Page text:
Horse racing is a sport that is rich in tradition. The coronavirus (COVID-19) pandemic has robbed the younger generation of exposure to horses who could eventually become household names across the world.
Given the decline in the quality of our racing stock, while it was highly unlikely to be true in our case, it was not impossible. Champions emerge from the strangest of circumstances.
One such circumstance occurred towards the end of 1979. Racing in T&T was severely disrupted towards the end of the year as a result of an outbreak of equine influenza across the racing population. All racing was halted on November 11, and this country lost our Trinidad Derby and numerous other feature races scheduled for the latter part of the year.
In 1979, the Jamaican-bred Saturn and the Martiniquan-bred Tiduc won the first two legs of our Triple Crown but the undisputed top three-year-old creole was the locally-bred Prince Pele. Any one of them or any of the other three-year-olds of that generation would have been looking to succeed in that year’s Derby which was scheduled to be run on Boxing Day (December 26). Interestingly, the three-year-old generation of 1979 was not considered to be particularly strong.
When racing resumed in February 1980, the sport was to witness one of the best creoles to grace the local track, and which had been unraced as a two-year-old due to the shutdown in local racing, that creole was Beheaded. Owned by a partnership involving Harold Thavenot and Alvin Thomas, and trained by Joe Hadeed, Beheaded would only suffer three defeats on local soil during the year, sweeping all in front of him in winning the final two legs of the Triple Crown and all of the three-year-old classics except the Easter Guineas.
That first classic, the Easter Guineas, was won by one of the three-year-olds, who had raced as a juvenile, winning the Nursery Stakes among other races, Isis. Owned by one of the legendary partnerships of that era, the Lourenco/Samlalsingh partnership, Isis was a wonderful filly and was considered the top two-year-old of the shortened 1979 season. She would continue to perform at a very high level throughout 1980 though somewhat eclipsed by a few of her stable companions. She and all of the other three-year-olds of 1980 were, however, eclipsed by the bay colt named Beheaded.
Beautifully bred for that era by top sire Becket out of a useful mare, Whipaway, Beheaded made his debut in a maiden race at Union Park on the opening day of the 1980 season. His reputation preceded him and he was an overwhelming favourite and won easily. Another comfortable win in his second start resulted in him going off as a strong favourite for the first leg of the Triple Crown.
It was not to be on the day, however, as he was comprehensively overturned by the aforementioned, Isis, with his stable companion Moon Rocket in third place and Encore, a stable companion of the winner in fourth place. It was subsequently alleged that he may have suffered from sore shins during the race and he was not seen on the track for a couple of months after the Guineas.
Returning at the old Santa Rosa Race Track in Arima, Beheaded would then race unbeaten for the remainder of the year except for a still unfathomable defeat to the unheralded Avikdheer, in a minor race following his comprehensive victory in the Midsummer Classic and his final race of the season on January 3, 1981, to his talented stable companion, Moon Rocket when giving 10kg away to that horse, and after his comprehensive win in the Trinidad Derby with that same horse in third position and the equally unheralded but wisely trained Blaze of Glory splitting the two Hadeed horses (need I mention here that I bet my brother Nigel, that Blaze of Glory would run such an outstanding race at 66-1 and might even win the Derby …Yes, yes I got the big forecast in those days and my brother has never been allowed to forget how well I can pick outsiders).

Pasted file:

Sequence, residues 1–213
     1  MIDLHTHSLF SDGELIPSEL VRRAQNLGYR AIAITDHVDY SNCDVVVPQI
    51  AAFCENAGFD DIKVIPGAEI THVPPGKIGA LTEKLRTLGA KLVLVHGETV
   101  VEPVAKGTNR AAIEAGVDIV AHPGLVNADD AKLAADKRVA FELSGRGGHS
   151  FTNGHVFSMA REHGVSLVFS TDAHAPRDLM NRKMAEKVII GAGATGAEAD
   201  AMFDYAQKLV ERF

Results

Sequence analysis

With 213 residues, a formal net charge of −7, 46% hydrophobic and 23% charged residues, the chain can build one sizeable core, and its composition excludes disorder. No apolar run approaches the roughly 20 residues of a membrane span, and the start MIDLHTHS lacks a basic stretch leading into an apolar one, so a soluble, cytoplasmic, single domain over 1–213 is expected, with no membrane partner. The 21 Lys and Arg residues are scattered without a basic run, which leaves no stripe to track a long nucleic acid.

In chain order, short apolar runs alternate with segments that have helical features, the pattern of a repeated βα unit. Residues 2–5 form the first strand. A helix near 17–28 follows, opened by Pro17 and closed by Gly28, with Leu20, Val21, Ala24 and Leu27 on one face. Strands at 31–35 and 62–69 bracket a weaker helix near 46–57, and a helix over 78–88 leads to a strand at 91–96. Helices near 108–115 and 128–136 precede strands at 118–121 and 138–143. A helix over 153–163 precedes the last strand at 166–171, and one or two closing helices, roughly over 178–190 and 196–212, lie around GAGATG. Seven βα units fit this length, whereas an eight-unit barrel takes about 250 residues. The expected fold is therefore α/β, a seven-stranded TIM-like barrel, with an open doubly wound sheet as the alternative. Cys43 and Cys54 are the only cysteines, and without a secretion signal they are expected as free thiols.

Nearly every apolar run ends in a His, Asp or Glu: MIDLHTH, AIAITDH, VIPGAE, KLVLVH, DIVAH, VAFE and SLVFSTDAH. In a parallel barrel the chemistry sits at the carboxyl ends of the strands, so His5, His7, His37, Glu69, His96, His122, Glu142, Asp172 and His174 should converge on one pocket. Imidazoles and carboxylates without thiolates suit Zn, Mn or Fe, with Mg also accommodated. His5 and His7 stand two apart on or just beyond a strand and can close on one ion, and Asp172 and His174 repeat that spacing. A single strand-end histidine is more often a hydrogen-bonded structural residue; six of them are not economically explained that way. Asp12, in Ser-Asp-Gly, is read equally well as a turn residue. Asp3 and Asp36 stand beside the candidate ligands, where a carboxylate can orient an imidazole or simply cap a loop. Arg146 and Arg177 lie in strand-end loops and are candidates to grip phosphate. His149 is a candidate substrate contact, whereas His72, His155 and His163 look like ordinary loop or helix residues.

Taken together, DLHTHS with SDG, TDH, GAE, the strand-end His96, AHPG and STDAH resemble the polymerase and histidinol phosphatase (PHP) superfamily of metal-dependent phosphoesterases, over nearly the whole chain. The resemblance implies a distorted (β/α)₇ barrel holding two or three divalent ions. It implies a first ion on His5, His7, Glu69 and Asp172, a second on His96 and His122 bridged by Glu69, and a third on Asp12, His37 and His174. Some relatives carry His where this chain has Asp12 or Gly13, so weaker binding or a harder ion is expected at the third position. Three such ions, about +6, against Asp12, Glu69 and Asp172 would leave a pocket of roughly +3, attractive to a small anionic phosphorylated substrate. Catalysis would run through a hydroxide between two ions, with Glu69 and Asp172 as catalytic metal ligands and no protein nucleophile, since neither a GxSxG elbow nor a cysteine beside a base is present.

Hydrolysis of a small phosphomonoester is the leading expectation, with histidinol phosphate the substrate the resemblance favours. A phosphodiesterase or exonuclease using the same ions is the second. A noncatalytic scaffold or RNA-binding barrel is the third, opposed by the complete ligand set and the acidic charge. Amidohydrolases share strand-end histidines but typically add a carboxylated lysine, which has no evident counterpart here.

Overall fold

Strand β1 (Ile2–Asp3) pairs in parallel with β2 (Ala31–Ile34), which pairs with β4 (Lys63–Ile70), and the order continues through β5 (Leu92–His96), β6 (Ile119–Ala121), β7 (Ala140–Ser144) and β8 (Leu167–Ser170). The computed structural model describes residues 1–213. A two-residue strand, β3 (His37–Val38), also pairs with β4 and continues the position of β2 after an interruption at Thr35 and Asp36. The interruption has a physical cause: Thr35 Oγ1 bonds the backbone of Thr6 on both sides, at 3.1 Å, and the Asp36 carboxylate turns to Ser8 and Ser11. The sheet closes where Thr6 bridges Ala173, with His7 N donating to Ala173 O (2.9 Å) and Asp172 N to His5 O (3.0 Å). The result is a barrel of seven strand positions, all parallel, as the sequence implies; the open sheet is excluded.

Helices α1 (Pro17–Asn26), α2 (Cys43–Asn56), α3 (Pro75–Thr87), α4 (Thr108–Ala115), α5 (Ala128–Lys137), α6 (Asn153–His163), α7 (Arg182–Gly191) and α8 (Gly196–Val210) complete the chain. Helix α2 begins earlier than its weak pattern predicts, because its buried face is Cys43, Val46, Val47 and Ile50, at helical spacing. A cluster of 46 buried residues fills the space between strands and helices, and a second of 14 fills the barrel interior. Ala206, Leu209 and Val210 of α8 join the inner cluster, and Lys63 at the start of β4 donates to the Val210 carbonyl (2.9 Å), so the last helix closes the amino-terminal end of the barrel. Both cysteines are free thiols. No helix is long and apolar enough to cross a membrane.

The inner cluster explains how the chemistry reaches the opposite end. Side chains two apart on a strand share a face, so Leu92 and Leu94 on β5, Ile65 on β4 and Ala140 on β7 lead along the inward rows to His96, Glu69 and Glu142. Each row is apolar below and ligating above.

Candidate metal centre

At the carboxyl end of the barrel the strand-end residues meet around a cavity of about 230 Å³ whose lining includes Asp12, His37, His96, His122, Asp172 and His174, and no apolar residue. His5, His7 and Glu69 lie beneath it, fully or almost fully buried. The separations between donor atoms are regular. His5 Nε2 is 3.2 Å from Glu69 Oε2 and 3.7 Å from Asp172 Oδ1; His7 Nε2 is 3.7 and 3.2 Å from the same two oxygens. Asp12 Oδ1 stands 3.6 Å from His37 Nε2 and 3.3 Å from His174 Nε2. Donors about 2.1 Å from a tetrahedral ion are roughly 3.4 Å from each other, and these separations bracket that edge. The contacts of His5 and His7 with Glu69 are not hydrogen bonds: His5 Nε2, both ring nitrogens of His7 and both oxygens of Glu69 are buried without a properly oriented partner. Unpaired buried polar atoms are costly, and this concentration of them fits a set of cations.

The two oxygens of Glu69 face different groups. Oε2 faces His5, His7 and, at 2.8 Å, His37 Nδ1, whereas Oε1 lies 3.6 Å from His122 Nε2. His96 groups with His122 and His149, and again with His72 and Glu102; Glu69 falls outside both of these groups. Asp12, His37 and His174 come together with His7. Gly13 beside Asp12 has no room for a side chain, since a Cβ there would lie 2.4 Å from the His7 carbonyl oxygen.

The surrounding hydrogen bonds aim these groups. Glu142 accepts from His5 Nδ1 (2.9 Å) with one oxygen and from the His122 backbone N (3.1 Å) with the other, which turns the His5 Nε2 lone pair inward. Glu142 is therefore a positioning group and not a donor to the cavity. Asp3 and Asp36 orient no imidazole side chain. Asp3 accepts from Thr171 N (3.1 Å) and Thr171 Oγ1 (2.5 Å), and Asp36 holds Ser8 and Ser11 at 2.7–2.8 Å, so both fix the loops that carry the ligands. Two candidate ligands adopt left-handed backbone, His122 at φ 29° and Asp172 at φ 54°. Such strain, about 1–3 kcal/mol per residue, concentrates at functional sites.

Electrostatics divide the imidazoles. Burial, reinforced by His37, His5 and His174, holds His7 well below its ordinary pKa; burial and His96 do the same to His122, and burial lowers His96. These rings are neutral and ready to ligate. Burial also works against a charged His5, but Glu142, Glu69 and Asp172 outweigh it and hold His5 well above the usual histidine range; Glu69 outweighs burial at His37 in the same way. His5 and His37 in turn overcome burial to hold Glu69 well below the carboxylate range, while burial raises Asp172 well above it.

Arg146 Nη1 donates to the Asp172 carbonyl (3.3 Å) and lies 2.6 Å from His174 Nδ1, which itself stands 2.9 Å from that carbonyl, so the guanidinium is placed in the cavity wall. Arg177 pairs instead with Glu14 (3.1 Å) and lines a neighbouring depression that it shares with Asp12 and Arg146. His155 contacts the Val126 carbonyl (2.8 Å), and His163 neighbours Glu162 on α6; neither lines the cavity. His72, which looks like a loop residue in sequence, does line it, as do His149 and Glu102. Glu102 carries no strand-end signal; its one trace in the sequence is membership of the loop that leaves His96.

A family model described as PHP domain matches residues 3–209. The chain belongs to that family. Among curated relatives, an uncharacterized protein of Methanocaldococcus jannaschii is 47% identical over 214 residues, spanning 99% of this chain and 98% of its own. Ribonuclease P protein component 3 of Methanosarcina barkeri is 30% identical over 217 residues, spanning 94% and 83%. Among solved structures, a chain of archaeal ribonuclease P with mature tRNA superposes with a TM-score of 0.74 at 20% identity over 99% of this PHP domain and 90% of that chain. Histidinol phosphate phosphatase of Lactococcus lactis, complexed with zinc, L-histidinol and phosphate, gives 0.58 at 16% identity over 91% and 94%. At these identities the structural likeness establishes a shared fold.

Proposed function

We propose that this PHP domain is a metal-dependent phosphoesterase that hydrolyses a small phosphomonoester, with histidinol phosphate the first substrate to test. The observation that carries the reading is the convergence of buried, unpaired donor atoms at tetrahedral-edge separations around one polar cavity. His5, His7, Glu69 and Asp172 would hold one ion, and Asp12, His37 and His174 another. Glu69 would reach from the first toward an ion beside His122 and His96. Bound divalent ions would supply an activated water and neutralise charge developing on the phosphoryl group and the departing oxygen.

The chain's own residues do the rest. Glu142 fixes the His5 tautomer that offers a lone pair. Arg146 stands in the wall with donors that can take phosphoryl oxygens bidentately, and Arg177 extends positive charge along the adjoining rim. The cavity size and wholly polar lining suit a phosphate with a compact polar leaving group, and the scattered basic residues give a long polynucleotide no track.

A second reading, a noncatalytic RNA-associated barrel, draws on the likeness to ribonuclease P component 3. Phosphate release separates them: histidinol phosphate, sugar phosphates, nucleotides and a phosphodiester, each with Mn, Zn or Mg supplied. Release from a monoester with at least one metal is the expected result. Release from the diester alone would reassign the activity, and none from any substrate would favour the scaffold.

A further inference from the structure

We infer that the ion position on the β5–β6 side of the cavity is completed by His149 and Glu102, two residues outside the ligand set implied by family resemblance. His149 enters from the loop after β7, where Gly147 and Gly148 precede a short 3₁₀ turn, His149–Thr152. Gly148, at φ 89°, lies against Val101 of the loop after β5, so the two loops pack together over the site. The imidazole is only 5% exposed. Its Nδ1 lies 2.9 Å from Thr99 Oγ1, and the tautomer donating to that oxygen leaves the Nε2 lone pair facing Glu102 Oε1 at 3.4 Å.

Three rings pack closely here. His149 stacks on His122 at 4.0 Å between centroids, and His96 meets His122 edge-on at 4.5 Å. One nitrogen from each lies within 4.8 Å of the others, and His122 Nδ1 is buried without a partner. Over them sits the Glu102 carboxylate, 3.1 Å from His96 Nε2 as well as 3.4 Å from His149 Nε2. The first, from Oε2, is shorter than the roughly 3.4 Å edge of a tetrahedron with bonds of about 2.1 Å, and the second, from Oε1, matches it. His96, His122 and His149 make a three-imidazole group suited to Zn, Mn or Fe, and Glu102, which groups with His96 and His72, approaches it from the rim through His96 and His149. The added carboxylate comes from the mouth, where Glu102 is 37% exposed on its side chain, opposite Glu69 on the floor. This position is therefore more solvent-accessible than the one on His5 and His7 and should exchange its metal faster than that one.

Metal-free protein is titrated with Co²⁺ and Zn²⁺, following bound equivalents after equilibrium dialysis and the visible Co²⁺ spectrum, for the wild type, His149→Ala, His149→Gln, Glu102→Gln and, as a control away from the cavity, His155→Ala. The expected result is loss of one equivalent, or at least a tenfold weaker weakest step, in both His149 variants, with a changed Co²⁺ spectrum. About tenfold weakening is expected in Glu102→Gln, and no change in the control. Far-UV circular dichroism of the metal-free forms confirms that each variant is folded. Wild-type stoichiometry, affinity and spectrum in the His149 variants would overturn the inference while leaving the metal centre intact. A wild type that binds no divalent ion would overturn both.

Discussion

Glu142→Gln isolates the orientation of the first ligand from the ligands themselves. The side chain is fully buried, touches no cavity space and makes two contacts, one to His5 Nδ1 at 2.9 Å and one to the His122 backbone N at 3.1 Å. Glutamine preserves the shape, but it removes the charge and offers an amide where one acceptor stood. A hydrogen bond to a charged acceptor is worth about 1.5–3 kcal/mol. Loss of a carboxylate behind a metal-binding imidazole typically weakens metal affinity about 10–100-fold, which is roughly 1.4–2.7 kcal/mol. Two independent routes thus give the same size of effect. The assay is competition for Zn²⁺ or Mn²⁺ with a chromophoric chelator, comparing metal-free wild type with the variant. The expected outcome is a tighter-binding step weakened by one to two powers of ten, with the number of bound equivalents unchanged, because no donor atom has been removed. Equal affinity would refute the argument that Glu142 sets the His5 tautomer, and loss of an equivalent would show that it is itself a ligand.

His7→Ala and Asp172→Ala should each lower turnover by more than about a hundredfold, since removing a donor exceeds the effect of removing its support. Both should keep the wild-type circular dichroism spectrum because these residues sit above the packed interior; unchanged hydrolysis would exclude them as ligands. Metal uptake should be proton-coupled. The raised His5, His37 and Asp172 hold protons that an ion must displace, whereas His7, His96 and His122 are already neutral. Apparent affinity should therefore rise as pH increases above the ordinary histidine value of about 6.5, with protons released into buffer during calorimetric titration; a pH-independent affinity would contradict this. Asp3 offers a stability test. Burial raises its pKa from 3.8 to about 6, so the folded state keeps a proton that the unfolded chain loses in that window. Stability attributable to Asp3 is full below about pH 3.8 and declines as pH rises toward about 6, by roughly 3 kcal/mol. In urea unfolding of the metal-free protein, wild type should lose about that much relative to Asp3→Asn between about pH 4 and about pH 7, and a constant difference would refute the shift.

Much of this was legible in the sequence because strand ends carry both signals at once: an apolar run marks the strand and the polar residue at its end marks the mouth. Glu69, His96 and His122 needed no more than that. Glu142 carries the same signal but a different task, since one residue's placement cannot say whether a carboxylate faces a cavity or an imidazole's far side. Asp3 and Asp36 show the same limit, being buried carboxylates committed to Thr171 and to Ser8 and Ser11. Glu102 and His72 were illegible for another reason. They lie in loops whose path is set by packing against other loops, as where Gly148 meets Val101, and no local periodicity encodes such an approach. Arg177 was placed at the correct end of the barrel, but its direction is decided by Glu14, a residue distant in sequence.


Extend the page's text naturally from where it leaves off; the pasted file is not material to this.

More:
Following his win at the Arima Race Club mid-year meeting, Beheaded would line-up for the second leg of the Triple Crown, the Midsummer Classic, a strong fancy to show his true quality amongst the three-year-old crop. His racing style - go to the front and attempt to run his rivals into the ground – generated tremendous excitement among turfites and would be a style made much more popular in the UK during the mid-1980s as a result of the phenomenal combination of Steve Cauthen and Henry Cecil during the pomp of horse racing in the UK.
On a soft Queens Park Savannah tur in Port-of-Spain, Beheaded pulverized his opposition, winning the Trial Stakes (now Midsummer Classic) by 10 lengths from his Guineas conqueror Isis, with two of the other top three-year-olds of 1980, Royal Boatside and Moon Rocket (who did not appreciate a soft turf track) further behind.
Beheaded would return to Santa Rosa Park to comfortably win the ARC Derby Trial from Royal Boatside, Special Request and Isis. Returning to Union Park for the Hopeful Stakes, Beheaded again made all the running to comfortably beat Royal Boatside, Moon Rocket and Isis.
Nominated for the Classico del Caribe, held in Venezuela that year, Beheaded never acclimatised to the higher altitude in Caracas and finished off the board in that event. Returning to T&T for the Derby to be run off just a few weeks later, there was a lot of question marks over the impact of the trip to Venezuela on the colt. On Derby Day itself, however, his supporters never had a moment’s worry as the colt raced straight into the lead and never looked back. He won the Derby by 11 lengths, equalling the track record at the time.
The enforced rest for our horses because of the Coronavirus could see a lightly raced or unraced horse emerging to take the track by storm. That would be a fitting end to a period which has seen, like the last few months of 1979, racing experience some of its darkest days. So there is still hope, that is the message today.